Again, only 4 (four) first arguments sending over registers. It means that if you want to send (int,int,float,int,float) then anyway only first 4 arguments will be "registered" and 5th argument must be sent over stack.
If we try to send (float,float,float,float,int) then we need to fill xmm0-xmm3 and 5th argument must be sent over stack. It doesn't matter that we have 4 unused registers (rcx,rdx,r8,r9), win64 don't care this resources and speed wasting. Clear?

That's all for requirements. Now I post the function source for you to check how it really works and not only talks.


Code:

x64_call; argv(rcx), argc(rdx), function(r8), type(r9)
        ; standard function entry
        push  rbp
        mov   rbprsp

        push  r9       ; save the type for feature use
        and   rsp, -16 ; ! align the stack for 128-bit boundary

        mov   raxrdx

        ; compare the argument count to 4
        ; if less or equal do not push any data to stack
        lea   r10, [rcx + rax*8 - 8]
        sub   rax4
        jbe   .4

        ; realign the stack depending the odd/even count of pushing arguments
        ; a bit ugly, but works
        mov   rdxrax
        and   rdx1
        lea   rsp, [rsp + rdx*8 - 16]

.1:     ; push rest (more than 4) arguments to the stack in right-to-left order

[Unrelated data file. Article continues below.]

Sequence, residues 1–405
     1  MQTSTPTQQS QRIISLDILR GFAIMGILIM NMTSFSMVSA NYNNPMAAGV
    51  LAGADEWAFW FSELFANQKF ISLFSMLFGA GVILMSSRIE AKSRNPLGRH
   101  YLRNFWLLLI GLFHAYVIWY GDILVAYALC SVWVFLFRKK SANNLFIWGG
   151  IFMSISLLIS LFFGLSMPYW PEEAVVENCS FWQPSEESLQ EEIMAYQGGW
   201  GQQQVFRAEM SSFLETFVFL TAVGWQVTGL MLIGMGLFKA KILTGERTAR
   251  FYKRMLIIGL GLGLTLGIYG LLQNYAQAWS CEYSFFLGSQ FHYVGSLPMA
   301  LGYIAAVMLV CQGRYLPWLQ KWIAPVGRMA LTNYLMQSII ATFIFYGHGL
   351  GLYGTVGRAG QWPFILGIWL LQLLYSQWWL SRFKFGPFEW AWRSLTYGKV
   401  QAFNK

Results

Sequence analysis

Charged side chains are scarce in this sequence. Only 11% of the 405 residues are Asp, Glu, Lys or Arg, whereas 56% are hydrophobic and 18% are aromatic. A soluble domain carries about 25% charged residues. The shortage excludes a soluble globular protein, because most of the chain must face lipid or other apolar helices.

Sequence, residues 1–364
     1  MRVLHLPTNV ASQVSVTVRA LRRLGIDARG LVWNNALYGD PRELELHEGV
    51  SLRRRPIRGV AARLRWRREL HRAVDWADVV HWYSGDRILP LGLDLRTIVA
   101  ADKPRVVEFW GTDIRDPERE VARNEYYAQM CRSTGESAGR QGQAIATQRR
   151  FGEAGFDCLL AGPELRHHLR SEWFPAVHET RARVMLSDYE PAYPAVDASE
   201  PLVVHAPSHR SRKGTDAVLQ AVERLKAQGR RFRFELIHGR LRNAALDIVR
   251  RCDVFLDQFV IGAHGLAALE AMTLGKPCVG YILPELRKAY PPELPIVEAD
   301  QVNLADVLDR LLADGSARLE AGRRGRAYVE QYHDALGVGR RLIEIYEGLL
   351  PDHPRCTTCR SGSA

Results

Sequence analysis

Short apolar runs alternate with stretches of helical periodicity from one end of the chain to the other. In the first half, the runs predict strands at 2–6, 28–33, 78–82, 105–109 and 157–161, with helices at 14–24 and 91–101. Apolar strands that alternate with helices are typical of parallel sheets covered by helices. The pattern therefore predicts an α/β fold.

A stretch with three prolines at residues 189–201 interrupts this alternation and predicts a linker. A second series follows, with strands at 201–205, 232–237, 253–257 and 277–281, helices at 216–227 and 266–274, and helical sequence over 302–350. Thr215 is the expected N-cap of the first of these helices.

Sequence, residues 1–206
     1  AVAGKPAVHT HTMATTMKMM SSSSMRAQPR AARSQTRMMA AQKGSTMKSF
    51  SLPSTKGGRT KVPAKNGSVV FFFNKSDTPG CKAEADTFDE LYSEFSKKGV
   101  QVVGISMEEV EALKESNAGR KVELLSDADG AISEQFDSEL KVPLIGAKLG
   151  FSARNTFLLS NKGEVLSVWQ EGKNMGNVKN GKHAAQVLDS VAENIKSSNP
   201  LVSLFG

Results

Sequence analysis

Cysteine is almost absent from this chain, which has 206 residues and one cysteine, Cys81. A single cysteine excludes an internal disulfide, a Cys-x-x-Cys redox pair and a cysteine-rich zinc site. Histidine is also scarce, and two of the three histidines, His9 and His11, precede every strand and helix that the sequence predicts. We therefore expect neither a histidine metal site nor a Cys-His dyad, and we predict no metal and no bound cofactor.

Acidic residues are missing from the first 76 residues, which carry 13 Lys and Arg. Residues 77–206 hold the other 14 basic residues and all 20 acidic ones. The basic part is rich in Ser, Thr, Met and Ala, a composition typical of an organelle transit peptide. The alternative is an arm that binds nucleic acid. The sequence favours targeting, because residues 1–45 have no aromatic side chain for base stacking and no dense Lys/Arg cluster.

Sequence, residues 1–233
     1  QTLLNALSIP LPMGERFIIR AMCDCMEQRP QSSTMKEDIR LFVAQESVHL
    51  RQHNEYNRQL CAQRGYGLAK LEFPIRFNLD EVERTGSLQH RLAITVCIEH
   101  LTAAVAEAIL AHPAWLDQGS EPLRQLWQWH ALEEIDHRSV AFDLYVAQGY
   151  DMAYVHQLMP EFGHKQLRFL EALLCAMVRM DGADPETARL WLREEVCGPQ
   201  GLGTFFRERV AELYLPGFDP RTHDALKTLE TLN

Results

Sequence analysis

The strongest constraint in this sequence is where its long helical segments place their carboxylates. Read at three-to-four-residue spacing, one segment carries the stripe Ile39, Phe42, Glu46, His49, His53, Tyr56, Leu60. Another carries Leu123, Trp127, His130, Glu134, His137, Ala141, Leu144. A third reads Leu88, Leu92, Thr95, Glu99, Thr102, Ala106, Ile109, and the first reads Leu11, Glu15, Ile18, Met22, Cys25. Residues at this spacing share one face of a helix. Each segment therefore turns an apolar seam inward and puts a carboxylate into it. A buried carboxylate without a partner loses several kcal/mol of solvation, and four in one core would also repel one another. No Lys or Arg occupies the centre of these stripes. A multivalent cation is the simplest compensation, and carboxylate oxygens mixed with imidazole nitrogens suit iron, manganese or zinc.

push qword [r10]
        sub  r108
        dec  rax
        jnz  .1
.4:     ; put all first 4 arguments to the registers independing of
        ; it real count and type
        ; comparing the actual number of arguments and skipping unnecessary
        ; arguments will be a lot slower, realy
        mov  raxr8 ; save function address
        movsd xmm3, [rcx+24]
        mov     r9, [rcx+24]
        movsd xmm2, [rcx+16]
        mov     r8, [rcx+16]
        movsd xmm1, [rcx8]
        mov    rdx, [rcx8]
        movsd xmm0, [rcx0]
        mov    rcx, [rcx0]
        ; required! please make the window in stack before calling function
        sub  rsp32 ;
        call rax    ; call the function

        ; check is function must return floating
        cmp  byte [rbp-8], 1 ; float
        je   .51
        cmp  byte [rbp-8], 2 ; double
        je   .52

        ; return any typed result in rax, not xmm0
.9leave
        ret

.51:
        ; converting float to double
        cvtss2sd xmm0xmm0
.52:
        ; copying the double to the regilar rax
        movsd [rsp], xmm0
        pop  rax
        jmp  .9




And full sample code to test the wide range of arguments count. "d" means integer value in printf output, "f" means floating point output and "s" means string argument (0 byte ending). In case of floating point argument printf require "double", not "float" value to be passed. High-level compilers does this conversion automatically for you.

Code:

format PE64 CONSOLE
entry start

section '.text' code readable executable